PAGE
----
This Kit Makes a Chemical-Free Cleaner (with Only 3 Ingredients!) that Can Replace All Your Cleaning Products
The innovations in cleaning products continue to amaze me. From antimicrobial sponges to cutting-edge devices, there’s something out there for whatever need you may have (or it’s on its way to being made). And if you want a cleaner that’s not only safe for your home and family but also effective and eco-friendly, I may have found the best option that’ll tick off all those boxes.
Meet Force of Nature, a natural cleaner and disinfectant with enough strength to kill 99.9 percent of germs — plus, it’s EPA-approved. It all starts with a little device that creates a powerful, chemical-free cleaner with just three ingredients. It touts that it can replace everything from bleach and sanitizers to disinfectants and all-purpose cleaners.
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When I first heard about it, I was skeptical. That’s a big claim for a tiny bottle. But, this could really be a game-changer, not just for people looking for an effective and safe cleaner but also for anyone living in a small space. It could replace so many cleaners, freeing up storage space. I had the opportunity to test the cleaner and I learned a lot about it in the process.
How does it work?
Force of Nature converts salt, water, and vinegar into an all-in-one cleaner using electrolyzed water technology, which has been used for wound care and other industrial applications. Through electricity, it changes the molecular structure of these three ingredients into two new ones: hypochlorous acid and sodium hydroxide.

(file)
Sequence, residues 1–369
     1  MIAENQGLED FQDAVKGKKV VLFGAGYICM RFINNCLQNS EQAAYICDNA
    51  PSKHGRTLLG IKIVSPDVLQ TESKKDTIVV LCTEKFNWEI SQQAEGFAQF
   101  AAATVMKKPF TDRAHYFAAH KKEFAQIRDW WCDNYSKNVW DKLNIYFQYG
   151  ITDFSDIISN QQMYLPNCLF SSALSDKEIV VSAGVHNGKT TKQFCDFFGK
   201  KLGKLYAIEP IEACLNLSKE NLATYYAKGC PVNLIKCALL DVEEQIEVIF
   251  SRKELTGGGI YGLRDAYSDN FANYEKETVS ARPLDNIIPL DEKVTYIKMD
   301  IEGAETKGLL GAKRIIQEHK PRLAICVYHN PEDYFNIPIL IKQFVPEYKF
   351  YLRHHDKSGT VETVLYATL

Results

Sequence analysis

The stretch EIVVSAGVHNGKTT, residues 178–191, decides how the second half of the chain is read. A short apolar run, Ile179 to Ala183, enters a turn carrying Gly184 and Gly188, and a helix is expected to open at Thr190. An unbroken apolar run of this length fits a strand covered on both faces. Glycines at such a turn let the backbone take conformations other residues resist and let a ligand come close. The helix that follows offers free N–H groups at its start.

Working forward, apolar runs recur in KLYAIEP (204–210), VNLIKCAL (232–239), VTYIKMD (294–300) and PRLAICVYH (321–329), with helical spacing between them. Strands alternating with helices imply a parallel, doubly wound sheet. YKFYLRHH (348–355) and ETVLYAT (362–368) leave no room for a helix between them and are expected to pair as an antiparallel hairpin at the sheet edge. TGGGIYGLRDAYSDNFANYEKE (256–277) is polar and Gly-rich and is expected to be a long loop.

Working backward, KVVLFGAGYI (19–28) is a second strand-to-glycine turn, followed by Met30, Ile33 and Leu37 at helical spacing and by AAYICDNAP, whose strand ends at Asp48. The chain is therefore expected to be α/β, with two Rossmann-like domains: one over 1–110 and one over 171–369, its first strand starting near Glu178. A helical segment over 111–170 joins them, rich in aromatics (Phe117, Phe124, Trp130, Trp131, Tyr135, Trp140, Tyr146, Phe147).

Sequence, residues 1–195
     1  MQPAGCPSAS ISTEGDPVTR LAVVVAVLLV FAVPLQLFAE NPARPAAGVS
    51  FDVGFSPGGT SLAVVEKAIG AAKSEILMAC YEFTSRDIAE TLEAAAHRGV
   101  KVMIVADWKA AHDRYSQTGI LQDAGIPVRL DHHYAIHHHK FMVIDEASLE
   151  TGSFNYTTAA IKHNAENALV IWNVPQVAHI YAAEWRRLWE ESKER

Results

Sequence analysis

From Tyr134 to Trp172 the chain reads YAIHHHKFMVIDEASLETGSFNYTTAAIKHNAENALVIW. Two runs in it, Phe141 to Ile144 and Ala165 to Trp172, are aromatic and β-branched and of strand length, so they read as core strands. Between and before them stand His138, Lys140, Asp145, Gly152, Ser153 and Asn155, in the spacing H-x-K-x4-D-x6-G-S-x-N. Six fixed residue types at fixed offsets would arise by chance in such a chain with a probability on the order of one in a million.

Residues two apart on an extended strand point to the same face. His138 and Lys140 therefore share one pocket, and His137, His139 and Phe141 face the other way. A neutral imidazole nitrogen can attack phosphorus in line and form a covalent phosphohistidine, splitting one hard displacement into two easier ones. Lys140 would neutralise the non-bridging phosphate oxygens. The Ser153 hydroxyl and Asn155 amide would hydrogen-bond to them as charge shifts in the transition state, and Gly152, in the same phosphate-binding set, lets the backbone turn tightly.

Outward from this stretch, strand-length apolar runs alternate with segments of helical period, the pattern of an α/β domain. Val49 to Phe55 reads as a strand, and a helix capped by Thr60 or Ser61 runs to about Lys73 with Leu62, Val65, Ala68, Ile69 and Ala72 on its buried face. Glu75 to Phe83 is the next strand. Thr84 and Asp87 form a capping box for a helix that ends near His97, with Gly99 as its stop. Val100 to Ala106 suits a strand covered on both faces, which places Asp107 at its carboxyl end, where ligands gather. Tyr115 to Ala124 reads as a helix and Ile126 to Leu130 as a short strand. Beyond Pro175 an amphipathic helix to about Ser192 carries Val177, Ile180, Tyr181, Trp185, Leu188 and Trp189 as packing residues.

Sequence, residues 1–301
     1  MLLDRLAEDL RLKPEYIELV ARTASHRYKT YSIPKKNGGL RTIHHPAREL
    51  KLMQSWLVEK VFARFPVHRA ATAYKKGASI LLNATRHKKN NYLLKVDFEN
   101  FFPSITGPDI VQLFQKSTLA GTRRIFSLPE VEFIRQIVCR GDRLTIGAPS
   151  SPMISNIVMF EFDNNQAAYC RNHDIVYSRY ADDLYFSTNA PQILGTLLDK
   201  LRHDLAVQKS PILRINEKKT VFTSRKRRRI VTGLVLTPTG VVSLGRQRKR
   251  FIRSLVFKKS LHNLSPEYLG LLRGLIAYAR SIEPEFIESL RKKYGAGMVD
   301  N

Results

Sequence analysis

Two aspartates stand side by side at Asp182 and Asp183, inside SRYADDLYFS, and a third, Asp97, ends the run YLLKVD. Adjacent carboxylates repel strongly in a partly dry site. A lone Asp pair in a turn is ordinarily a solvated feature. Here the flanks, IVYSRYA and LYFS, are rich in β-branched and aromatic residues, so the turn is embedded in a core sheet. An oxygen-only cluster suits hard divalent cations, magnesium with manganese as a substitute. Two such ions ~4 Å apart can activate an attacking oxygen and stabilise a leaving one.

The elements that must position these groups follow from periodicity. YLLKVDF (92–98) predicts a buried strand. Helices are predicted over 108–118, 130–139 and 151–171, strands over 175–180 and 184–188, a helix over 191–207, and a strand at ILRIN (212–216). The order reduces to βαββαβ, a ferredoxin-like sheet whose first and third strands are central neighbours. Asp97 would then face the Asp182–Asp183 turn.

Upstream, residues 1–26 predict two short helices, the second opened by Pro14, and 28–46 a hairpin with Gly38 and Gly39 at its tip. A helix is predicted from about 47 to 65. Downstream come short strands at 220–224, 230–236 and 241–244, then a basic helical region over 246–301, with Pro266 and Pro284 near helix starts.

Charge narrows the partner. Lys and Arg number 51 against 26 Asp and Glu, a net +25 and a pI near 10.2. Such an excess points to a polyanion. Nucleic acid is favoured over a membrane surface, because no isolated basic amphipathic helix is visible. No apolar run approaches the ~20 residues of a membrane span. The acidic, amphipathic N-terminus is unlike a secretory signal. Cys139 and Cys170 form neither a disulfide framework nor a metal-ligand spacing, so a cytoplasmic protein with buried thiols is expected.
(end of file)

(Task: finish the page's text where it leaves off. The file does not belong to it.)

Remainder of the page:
- Hypochlorous acid is a germ-killing substance that white blood cells make to fight infection and it’s gentle enough to use for wound and eye care.
- Sodium hydroxide is a detergent commonly used in things like toothpaste and skin care products.
So it’s not your standard DIY vinegar cleaning solution. This chemical change removes the harshness of vinegar, which can damage stone, grout, and rubber.
How do you make it?
I received a starter kit, priced at $75, that comes with a 12-ounce electrolyzer appliance and power cord, five activator capsules, and a 12-ounce reusable spray bottle. Each capsule contains 3 milliliters of solution that’s mixed with water to create a 12-ounce bottle. That seems steep to start with, but if you factor in the cost it is per capsule that comes out to 9 cents an ounce. So, even though you are spending more initially, everything after is affordable. A pack of 25 capsules is available on Amazon for under $30.
To make the cleaning solution, here’s what you do:
- Fill the appliance with water up to the line and pour one capsule in.
- Then, you plug in the appliance and hit the button to start the magic. I felt like a mad scientist, watching my concoction bubble and whirl.
- It’ll go from blue to green, signaling you when it is done.
- Finally, pour the solution into the spray bottle provided.
Each solution lasts two weeks as hypochlorous acid will start to dissipate. That might seem like a short time, but Force of Nature estimates that most families use one bottle a week for all their cleaning, disinfecting, and deodorizing needs.
To track this, you can keep the appliance plugged in — it’ll show a light ring around the bottom to signal when it’s time to change — mark the bottle with some tape and a Sharpie, or set a calendar reminder on your phone. I did the latter.
How does it clean?
I was excited to put it to work and found some gunk that needed to be removed from my bathroom sink. It didn’t stand a chance. The solution was removed, or rather blasted, from my sink immediately. I then brought it to a stain I’d been fussing with — gone.
I was shocked by the results. It really is tough as bleach but gentle as a natural cleaner. Another thing I liked? It has no harsh fragrance. There was a light scent at first, but it disappeared. Some cleaners smell way too overwhelming for me to use, so when I can find one that’s pretty much non-existent in scent, I have to gush about it.
I was a little worried that I would still have a full bottle by the time two weeks rolled around, but I didn’t. If you really use it as an all-in-one cleaner, you’ll find yourself emptying it just in time to replace it.